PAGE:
Foundational Principles for Leaders
Change, Leadership, and Creativity
The Powerful Connection
“Leadership is about managing change—whether you’re leading a company or leading a country. Things change, and you get creative.” —Lee Iacocca
CHAPTER AT A GLANCE
What is the relationship between change, leadership, and creativity? How do these three concepts mutually support one another? Can you imagine how leadership effectiveness is dramatically enhanced when someone is able to use imagination when responding to today’s volatile climate and ever-changing conditions? The purpose of this chapter is to examine more closely the three basic pillars of this book—namely change, leadership, and creativity. To that end, we provide some basic descriptions of these concepts and highlight the degree to which change, leadership, and creativity intertwine like the strands of a rope. The chapter begins with a description of change, a concept we believe forms a bond between creativity and leadership. We then examine some contemporary descriptions of leadership that highlight a connection to creativity. Next, we provide
FOUNDATIONAL PRINCIPLES FOR LEADERS
a review of some definitions, views, and characteristics of creativity. Building on a brief review of the leadership and creativity fields, we conclude the chapter with a description of the concept we call creative leadership.
CREATIVE CHANGE: IT’S NOT CHANGING THE BABY
Quoting from Heraclitus again, “You can never step in the same river twice.” In that respect, whether you are making something that wasn’t there before or responding to what is already new or different, change is a constant process. The water looks the same, but it is different. In actuality, life and the conditions that surround it are always in motion. For example, as a natural phenomenon, your body is always changing, and this change will occur regardless of whether you want it to or not. Did you know that, because the replacement of cells in your body is an ongoing process, you actually have a new liver every 3 weeks and a new skeleton every 2 months? In its broadest sweep, there are two kinds of change. First, there is change that exists naturally and is ongoing or cyclic. For example, the sun rises and sets, seasons come and go, and your body changes and grows. Second, there is change that people make either on purpose or in response to what is happening around them. Some examples of this kind of change are changing jobs, changing your mind, and changing the way you do things—the order, the purpose, and the method. In the case of the former, change is a natural phenomenon. In the case of the latter, change may be equally natural, but it has the addition of the human element. The kind of change that is made on purpose engages your thinking process and thus requires your thinking skills. The main difference is that you apply one more deliberately than the other. In this book, we focus on the kind of change that is introduced more deliberately, that is, intentionally engaging in creative thought to develop yourself and positively influence others. In the introduction, we shared a definition of creativity developed by organizational psychologist Reginald Talbot (1997). He defined creativity as “making a change that sticks (for a while)” (p. 181). The words in this definition were selected with specific intent. Making refers to the fact that creativity is about bringing something into being. It is not enough for people to simply think that they are creative or merely to imagine new possibilities; instead, you must be able to produce both tangible and intangible products. Ultimately, we judge the quality of creative behavior by what we see, the transformation of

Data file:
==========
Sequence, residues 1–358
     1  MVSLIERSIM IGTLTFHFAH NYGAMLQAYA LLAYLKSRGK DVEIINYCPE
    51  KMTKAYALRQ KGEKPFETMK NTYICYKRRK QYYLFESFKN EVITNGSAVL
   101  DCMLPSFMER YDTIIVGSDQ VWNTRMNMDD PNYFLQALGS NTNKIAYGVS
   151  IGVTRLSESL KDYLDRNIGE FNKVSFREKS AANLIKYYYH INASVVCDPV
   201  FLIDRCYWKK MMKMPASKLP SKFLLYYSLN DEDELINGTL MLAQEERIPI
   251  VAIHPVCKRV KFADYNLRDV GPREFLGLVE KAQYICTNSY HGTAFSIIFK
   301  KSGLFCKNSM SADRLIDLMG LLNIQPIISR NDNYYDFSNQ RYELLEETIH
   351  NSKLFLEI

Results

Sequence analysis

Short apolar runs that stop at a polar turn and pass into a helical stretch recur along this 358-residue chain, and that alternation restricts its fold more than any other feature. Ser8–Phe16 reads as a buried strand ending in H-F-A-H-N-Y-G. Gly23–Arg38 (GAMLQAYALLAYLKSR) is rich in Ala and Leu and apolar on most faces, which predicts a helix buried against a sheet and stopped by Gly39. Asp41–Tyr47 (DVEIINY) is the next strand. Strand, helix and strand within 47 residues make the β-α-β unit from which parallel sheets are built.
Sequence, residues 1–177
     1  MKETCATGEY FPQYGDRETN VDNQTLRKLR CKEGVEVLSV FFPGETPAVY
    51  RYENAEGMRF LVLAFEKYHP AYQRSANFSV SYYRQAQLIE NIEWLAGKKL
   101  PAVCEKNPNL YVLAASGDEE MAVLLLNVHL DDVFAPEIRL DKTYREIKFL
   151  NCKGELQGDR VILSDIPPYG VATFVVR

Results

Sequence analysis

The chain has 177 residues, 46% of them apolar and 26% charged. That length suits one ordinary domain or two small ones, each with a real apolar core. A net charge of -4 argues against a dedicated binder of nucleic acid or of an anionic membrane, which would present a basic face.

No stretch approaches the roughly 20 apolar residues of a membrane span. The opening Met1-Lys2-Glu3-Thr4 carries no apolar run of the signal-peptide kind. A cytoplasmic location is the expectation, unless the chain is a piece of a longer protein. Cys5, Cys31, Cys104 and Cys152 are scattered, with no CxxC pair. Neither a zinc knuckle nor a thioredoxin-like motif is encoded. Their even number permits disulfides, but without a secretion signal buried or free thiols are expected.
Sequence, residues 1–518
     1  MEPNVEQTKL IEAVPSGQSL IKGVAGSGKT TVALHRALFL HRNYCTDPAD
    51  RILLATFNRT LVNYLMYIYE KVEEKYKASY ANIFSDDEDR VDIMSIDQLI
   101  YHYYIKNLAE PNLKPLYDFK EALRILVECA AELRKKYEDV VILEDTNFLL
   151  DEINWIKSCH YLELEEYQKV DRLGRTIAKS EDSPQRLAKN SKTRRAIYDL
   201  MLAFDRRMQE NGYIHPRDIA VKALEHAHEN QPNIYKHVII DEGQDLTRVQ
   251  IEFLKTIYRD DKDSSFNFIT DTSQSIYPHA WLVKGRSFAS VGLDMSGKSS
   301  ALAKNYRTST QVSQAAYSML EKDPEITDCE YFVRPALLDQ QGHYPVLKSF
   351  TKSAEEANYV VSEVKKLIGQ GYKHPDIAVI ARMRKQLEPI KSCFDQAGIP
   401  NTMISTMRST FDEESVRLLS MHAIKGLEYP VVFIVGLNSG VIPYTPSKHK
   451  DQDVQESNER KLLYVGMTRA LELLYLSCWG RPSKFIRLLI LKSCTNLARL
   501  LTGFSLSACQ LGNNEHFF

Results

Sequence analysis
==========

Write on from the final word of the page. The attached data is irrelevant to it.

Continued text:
Change, Leadership, and Creativity: The Powerful Connection
imagination into a variety of outcomes—art, poetry, services, theories, entrepreneurial ventures, products, and solutions to a...
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